Big Society and Corporate Social Responsibility

“Today is the start of a serious reform agenda to take power away from politicians and give it to people.”

So said David Cameron at the launch of the Big Society in May 2010. A big claim. As the flagship idea of the 2010 Conservative manifesto, what happened to the Big Society in the 2010-2015 parliament? As that parliament recently came to an end, now seems a timely moment to assess the impact of the Big Society concept. And in particular to see how it has affected the Corporate Social Responsibility (CSR) agenda of business.

First of all, what is it? Big Society was about three inter-linked aspects:

  • Social action: being active in our communities, helping each other
  • Community empowerment: putting neighbourhoods more in charge of their own destinies
  • Public service reform: opening up Government purchasing to a wider range of providers.

The idea made sense in policy terms to some Conservative thinkers: it combined long-held positions around the ambition to see a smaller state—one that meddled less in people’s lives with a greater sense of personal and community responsibility. Big Society was the vision, decentralization was the process, and localism the ethos.

How did business get on with it?

The Big Society was well received ­initially but only for a short period. As the by-then Conservative-led coalition government found, many people didn’t get it. This response from a roundtable event to discuss the role of business in the Big Society was typical of corporate views in 2011-2012:

“The narrative is dysfunctional and there is no common thread between the core messages of Big Society, localism, better regulation, austerity and because of this the Big Society is in danger of being a political football. There is scepticism about its sticking power and consequently the private sector isn’t likely to pin itself to such uncertainty.”

Even the ministers in his government struggled with the concept. Former children’s minister Tim Loughton, famously told the volunteering organization CSV back in 2010, “The trouble is that most people don’t know what the Big Society really means, least of all the unfortunate ministers who have to articulate it.”

As the minister also suggested, Big Society sounded too ‘American’ to a British ear. Too nakedly aspirational, the whole ‘vision thing’ was a bit too much.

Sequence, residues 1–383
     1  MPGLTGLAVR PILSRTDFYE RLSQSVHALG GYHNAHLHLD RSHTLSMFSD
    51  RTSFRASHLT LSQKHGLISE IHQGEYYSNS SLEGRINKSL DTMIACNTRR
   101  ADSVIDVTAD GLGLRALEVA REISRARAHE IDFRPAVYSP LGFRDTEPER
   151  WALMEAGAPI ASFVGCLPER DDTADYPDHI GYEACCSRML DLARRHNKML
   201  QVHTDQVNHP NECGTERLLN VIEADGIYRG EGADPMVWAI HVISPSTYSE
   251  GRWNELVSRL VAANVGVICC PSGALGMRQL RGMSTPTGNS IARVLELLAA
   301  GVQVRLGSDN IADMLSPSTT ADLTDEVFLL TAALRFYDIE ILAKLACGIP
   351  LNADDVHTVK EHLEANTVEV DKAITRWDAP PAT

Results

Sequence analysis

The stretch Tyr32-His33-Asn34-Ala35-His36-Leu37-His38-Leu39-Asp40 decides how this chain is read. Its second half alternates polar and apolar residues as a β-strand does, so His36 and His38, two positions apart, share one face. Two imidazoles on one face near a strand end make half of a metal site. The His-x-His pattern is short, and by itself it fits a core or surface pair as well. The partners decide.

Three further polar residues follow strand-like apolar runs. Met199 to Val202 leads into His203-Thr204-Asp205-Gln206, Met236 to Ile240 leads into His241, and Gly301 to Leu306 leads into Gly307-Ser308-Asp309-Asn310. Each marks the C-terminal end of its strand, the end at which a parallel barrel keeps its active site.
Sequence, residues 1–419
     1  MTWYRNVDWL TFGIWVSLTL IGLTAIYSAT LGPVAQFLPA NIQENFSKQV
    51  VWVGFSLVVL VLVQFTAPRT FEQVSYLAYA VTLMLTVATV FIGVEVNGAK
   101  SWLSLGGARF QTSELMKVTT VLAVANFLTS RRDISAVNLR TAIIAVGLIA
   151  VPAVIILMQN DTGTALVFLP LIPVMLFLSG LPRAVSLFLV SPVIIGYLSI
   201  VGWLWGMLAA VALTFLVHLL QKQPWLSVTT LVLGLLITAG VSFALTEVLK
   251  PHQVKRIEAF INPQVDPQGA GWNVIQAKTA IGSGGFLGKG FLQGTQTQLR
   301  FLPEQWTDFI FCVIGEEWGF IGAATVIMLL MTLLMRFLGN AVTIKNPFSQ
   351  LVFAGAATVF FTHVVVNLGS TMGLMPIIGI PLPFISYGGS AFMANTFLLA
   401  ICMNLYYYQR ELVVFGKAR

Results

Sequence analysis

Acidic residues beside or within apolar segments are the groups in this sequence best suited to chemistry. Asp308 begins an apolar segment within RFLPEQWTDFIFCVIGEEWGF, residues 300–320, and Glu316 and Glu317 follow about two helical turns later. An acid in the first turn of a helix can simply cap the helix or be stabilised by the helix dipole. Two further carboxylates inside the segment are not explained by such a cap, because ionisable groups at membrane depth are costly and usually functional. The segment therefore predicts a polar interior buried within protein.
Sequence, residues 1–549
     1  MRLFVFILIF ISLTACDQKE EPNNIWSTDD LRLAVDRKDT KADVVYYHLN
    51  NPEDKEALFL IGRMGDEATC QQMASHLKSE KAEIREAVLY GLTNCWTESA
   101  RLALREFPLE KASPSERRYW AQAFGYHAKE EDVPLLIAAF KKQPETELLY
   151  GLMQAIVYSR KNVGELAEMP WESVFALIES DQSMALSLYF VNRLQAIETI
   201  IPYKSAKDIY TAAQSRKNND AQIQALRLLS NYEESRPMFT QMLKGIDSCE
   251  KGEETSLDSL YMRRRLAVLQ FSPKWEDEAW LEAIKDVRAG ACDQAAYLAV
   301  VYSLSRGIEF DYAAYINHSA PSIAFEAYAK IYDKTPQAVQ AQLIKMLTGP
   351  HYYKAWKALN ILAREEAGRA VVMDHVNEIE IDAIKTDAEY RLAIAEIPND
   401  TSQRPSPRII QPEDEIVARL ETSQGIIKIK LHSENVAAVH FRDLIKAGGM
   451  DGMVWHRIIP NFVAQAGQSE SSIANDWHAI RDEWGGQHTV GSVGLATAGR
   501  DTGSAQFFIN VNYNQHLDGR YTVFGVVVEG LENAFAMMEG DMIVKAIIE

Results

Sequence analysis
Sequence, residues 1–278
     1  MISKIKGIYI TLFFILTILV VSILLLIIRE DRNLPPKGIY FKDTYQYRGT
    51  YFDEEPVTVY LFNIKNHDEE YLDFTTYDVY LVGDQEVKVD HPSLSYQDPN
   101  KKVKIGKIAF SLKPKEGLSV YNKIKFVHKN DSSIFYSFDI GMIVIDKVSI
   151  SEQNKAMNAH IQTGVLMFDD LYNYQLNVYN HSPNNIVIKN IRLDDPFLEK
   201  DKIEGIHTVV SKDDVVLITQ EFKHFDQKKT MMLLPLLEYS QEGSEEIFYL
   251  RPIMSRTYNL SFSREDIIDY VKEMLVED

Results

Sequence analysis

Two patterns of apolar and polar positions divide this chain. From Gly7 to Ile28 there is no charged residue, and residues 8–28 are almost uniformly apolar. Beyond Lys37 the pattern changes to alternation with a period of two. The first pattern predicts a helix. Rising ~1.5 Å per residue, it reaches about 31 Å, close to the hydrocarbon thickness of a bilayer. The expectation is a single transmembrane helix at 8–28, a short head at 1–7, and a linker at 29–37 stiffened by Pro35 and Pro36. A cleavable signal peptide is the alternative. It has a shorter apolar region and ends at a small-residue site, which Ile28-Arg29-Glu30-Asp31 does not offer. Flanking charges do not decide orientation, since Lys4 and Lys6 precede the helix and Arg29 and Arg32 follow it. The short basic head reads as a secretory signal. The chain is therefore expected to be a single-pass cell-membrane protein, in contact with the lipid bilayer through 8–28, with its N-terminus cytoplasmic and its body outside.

Which is a shame. There’s nothing wrong with vision statements—they can and should be used to articulate a view of the future that an organization wants to see realized. They can be powerful mobilizing forces. In this case, however, it seemed more likely to inspire ridicule, even on the BBC’s flagship news and current affairs programme Newsnight.

CSR and the Big Society

Big Society drew attention to the role companies can—and should—play in their communities.

Around the same time, in May 2011, the Commission on Big Society reported. Established by Acevo (the organisation that represents charity chief executives) to review the Big Society idea, it added its voice to the calls for greater clarity on the concept, calling for the government to ‘fill in the gaps.’ Interestingly, it also challenged the business community on CSR, stating much of corporate activity in this area was ‘tokenistic’ and ‘more about marketing than making a difference.’

The report called on government, business organisations such as the Confederation of British Industry, and Business in the Community (BITC—the Prince of Wales’s charity dedicated to responsible business) to create a ‘sea change’ in business leadership and make CSR more central to corporate thinking.

Volunteering for change

Perhaps inspired by these early critiques and calls for integrated working between sectors, business people volunteering for community groups has been one of the successes of the Big Society idea. It seems to have resonated with people across the political divide and certainly has been met encouragingly by businesses. The initiative Inspiring the Future numbers over 19,000 volunteers in the three years since it was established in 2012. They go into primary and secondary schools giving pupils insights into the world of work, how to build a career and offering help getting started with CV and interview skills. The Final Big Society Audit from Civil Exchange, published in early 2015, showed that volunteering had climbed back to pre-recession levels, with increases in the number of young volunteers.